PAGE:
State asks public to stay away from seal pup

By Justin Fujioka
Published On: Dec 20 2013 04:42:05 PM HST

Monk seal U'ilani

HONOLULU -

Stay away. That's what the state wants you to do if you see a baby Hawaiian monk seal that's been frequenting harbors on Oahu's south shore.

Uilani is a 7-month-old Hawaiian monk seal that was born near the Reef Runway in May.

"This seal, because it's a female and it's born here, it represents a huge opportunity or potential for giving birth in the future," said state Department of Land and Natural Resources chairperson William Aila, Jr. on Friday.

Reproduction is key for the recovery of the endangered species, which is protected by the federal Endangered Species Act, the Marine Mammal Protection Act and Hawaii State Law.

But the pup is living a risky lifestyle and hanging out at some busy spots.

Uilani has been spotted at Keehi, Kewalo and at Ala Wai harbor, where just two weeks ago, there was a report of someone feeding the pup.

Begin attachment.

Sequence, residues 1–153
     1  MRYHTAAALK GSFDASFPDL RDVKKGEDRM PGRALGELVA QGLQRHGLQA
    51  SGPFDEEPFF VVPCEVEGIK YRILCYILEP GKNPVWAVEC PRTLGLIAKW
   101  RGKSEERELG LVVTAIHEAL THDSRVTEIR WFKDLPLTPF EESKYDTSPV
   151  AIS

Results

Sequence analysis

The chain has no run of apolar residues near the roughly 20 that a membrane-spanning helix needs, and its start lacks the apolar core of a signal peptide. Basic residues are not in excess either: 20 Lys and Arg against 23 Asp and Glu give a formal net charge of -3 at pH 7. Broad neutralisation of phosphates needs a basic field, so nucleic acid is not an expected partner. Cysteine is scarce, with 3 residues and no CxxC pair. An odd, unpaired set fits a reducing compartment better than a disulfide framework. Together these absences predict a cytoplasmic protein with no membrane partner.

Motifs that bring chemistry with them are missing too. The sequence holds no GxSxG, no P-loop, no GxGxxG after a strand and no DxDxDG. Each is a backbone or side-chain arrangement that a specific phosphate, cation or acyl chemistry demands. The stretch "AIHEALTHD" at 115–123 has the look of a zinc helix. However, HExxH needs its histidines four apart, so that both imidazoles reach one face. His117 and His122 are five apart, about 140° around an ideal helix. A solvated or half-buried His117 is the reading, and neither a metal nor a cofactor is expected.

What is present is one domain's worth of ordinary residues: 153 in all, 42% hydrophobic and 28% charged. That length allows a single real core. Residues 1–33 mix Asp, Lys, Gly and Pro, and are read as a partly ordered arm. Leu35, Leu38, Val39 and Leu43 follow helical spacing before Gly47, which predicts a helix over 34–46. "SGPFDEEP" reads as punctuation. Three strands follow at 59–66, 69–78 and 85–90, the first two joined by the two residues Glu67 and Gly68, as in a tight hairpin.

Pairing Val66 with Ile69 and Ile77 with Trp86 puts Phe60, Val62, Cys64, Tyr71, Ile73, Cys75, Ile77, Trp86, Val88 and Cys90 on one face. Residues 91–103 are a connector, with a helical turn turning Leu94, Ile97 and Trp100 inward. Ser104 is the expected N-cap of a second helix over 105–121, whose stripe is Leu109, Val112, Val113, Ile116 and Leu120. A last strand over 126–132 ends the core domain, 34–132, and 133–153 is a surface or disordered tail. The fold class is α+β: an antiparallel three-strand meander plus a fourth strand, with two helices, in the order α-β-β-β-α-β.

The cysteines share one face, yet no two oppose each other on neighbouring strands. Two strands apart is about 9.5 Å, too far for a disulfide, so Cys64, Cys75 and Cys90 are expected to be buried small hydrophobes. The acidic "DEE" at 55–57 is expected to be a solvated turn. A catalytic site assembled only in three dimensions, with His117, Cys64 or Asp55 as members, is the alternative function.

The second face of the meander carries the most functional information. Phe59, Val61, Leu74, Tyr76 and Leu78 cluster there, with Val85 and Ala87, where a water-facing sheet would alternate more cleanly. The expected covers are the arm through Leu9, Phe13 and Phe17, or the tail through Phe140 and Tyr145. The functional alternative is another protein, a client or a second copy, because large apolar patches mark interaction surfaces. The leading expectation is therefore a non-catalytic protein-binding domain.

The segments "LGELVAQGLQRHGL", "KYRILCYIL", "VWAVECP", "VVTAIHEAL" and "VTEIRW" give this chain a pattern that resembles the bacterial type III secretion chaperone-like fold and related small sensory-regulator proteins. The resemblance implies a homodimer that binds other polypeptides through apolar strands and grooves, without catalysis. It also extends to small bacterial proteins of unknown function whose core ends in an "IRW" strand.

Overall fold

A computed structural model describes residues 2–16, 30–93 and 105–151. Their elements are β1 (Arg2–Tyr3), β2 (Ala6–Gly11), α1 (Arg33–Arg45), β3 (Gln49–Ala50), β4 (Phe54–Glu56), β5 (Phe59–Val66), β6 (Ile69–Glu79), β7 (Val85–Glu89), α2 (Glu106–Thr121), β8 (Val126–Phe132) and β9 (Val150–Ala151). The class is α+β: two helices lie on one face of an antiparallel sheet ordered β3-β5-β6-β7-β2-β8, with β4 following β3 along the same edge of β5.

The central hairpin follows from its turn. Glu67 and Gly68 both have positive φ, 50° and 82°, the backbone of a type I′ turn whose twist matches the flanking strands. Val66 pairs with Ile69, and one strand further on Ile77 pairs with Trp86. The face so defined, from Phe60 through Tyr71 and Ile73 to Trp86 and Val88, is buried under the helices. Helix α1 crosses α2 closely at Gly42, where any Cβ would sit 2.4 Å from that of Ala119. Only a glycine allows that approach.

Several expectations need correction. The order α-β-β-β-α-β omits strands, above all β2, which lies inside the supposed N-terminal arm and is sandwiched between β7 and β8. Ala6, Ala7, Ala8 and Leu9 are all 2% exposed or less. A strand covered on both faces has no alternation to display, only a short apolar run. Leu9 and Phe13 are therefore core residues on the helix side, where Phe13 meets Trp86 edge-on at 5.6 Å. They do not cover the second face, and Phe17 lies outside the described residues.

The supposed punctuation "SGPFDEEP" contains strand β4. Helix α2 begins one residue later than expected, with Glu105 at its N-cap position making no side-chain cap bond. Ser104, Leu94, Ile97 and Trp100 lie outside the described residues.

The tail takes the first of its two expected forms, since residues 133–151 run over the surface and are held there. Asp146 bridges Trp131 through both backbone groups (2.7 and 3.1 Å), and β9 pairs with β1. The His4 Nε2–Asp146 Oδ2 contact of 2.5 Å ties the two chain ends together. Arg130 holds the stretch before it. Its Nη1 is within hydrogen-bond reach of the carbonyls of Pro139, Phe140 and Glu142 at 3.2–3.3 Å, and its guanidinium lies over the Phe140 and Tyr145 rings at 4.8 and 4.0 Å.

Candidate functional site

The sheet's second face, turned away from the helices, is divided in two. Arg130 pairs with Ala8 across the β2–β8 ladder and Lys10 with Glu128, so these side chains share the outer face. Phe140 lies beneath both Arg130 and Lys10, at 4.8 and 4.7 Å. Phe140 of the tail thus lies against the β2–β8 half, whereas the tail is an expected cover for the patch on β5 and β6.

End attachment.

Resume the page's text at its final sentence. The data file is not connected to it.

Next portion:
"We want to remind the public that interacting with the seals or feeding the seals or even making eye contact is detrimental to the behavior and survival of the seal," said David Schofield, Marine Mammal Health and Response Program Manager for the NOAA Fisheries Service, Pacific Islands Regional Office.

He said interaction like that has actually caused the naturally docile mammal to become aggressive in the past.

Their personality is usually formed during their first year of life.

"They can either go on a pathway of going out to the wild and being wild, or if during that time they interact with people, that's when this habituation and conditioning starts and from there they can evolve into adulthood as being quote, problem seals," Schofield said.

Signs are going up to warn people to leave Uilani alone.

Harassing a Hawaiian monk seal is a felony that comes with a fine up to $50,000 and up to five years in jail.

"We don't want to go there," Aila said. "We would prefer that everybody adopts some responsibility towards monk seals in Hawaii and do the right thing."

The state is encouraging all harbor users stay at least 150 feet away from seals. If one approaches you, ignore it and move away. Also, try not to clean fish in the water because it might attract them.

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